What is a normal day in the gorilla family?

Gorillas have a basic day which is principally directed by their alpha silverback. They wake up from their nests around the same time the sun rises (around 6:30) and they will often destroy their nests there and then. Early in the morning the alpha silverback is already looking for where the group will have breakfast from, but the baby gorillas do not have to wait for the alpha’s signal to start feeding because they are normally clinging onto their mothers and feeding at least once every hour.

When the alpha locates an ideal feeding location, he will enjoy the first bite and then invite the rest of the family to feast together with him. Once all the gorillas have had enough, they begin to rest at around midday. During this time, members may decide to take naps while the younger gorillas prefer to play around.

After the resting episode, they resume their daily feeding campaign and then rest more in the later hours of the afternoon. During this time the members bond more; males strengthen relationships with their wives while new silverbacks begin to attract females to themselves. At the end of the rest period (around 6:00 pm to 6:00 pm), they begin to gather materials used in weaving together their individual nests for the night’s rest. When it is dark, the gorillas begin to enter their nests while the infants share a nest with their moms.

What is a silverback gorilla?

Silverback gorillas are often the largest and hairiest in the gorilla family but this does not signify that they are the oldest. At the age of thirteen (13) male gorillas begin to mature from blackbacks into adult males and by fifteen (15) years they begin to grow short silvery hairs on their backs; similar to no other part of their bodies. With shiny silver back, the male mountain gorilla begins to become more ambitious and proud and if he is not the only silverback in the family he may decide to topple the reigning alpha or break away from it with some of the group’s females to start a whole new family. Silverbacks are not only the largest but they often are the strongest of the family’s members and will normally passionately defend their territory even to the point of death.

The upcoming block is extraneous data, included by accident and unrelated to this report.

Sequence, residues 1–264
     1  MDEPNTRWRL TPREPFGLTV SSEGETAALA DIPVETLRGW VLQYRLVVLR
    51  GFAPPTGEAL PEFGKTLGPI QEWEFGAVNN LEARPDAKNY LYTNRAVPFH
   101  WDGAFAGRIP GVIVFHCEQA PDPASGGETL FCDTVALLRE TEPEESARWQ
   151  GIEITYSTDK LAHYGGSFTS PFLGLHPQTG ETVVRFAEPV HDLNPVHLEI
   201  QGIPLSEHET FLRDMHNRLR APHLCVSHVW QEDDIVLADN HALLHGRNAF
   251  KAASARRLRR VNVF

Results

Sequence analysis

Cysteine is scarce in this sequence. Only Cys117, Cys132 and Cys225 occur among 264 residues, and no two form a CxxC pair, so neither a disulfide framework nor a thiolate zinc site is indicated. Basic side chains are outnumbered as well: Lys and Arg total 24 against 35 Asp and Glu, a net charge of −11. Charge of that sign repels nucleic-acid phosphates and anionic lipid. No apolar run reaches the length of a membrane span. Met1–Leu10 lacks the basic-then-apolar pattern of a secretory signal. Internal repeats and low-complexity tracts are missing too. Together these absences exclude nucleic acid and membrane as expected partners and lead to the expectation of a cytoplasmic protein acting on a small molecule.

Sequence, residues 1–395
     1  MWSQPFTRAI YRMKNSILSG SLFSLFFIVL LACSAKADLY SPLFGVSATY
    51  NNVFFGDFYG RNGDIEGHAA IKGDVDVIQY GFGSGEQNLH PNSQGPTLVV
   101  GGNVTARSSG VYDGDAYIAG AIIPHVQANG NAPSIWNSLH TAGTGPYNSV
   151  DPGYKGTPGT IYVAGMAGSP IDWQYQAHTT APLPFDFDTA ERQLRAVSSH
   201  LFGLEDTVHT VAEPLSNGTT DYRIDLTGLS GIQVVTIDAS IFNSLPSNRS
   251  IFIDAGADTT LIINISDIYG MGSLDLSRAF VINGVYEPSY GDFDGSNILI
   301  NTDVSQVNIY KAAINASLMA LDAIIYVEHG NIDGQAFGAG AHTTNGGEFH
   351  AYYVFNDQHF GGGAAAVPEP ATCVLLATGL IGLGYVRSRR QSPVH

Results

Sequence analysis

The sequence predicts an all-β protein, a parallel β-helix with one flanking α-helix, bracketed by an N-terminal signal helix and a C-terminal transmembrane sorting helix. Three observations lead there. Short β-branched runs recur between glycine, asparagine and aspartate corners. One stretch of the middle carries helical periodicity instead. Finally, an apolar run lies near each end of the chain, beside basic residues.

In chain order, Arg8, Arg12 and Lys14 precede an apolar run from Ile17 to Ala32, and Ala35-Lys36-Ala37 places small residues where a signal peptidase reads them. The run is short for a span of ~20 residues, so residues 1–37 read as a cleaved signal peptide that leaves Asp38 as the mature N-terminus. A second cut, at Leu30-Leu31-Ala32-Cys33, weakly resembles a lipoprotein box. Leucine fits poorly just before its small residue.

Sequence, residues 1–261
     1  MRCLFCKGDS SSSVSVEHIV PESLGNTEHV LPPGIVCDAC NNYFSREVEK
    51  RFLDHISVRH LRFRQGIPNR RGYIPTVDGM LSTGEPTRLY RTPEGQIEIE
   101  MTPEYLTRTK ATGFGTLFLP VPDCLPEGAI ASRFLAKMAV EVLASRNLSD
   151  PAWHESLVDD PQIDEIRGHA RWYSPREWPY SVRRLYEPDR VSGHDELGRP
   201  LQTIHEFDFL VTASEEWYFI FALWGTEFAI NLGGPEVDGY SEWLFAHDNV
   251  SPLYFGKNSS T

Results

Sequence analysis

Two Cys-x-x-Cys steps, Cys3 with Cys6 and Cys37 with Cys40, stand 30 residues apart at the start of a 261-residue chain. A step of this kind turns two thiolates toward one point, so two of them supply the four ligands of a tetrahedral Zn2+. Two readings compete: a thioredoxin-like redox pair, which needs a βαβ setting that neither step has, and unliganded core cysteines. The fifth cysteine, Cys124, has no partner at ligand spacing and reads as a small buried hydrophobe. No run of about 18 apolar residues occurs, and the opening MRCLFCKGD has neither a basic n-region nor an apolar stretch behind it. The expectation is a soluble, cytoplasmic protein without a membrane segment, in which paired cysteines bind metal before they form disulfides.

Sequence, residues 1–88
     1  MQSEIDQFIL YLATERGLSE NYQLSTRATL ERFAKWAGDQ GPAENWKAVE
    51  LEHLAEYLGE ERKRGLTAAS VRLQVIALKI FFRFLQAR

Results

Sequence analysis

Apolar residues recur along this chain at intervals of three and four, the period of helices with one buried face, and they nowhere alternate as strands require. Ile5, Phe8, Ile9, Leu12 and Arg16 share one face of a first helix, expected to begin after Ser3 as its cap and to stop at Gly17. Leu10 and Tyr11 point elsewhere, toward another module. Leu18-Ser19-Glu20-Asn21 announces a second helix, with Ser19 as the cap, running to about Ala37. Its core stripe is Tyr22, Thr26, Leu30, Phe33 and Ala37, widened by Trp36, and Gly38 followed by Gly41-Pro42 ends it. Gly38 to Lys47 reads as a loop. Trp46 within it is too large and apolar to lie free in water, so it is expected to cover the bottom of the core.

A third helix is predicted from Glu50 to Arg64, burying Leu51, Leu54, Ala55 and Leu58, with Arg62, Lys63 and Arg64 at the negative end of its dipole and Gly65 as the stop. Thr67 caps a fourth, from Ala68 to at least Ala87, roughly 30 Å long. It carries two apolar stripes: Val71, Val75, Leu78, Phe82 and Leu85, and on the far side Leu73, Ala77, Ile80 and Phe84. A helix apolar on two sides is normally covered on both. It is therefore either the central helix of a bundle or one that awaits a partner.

What is the relationship between gorillas and humans?

Mountain gorillas are unsurprisingly one of the closest animals to humans in relationship. Their appearance is remarkably similar to the human form, only more hairy. When you look at the palm and fingers of man’s closest relative, the chimpanzee and then look at those of a gorilla you will agree that the gorilla’s finger formation are more less like the human fingers; only darker and magnified. Gorillas also dwell more on the ground than up in the trees among all other primates; a characteristic that only man does best with a few humans building tree houses.

When scientists measure relatedness among species they base on a number of factors in genetic composition like the nuclear DNA the unstable mitochondrial DNA. In terms of nuclear DNA, gorillas have up to 98.4% of the genetic composition humans while gorillas share 89.7% of the mitochondrial DNA with the humans. Gorillas come in second after the chimpanzees (both the common chimpanzees and the bonobos) which have 98.8% of the human nucleic DNA and 91.2% in terms of mitochondrial DNA.

What makes a gorilla sick?

Gorillas are not immortal beings and they therefore suffer from a number of diseases some of which claim their lives. While the adults’ immune systems might be stronger, if a baby falls sick, the hope that it will heal from the sickness is minimal. Because of the similarity in the genetic composition with humans, gorillas and humans can exchange sicknesses but gorillas stand in a more vulnerable position to contract communicable diseases like colds, coughs and even Ebola if they come too close in contact with humans.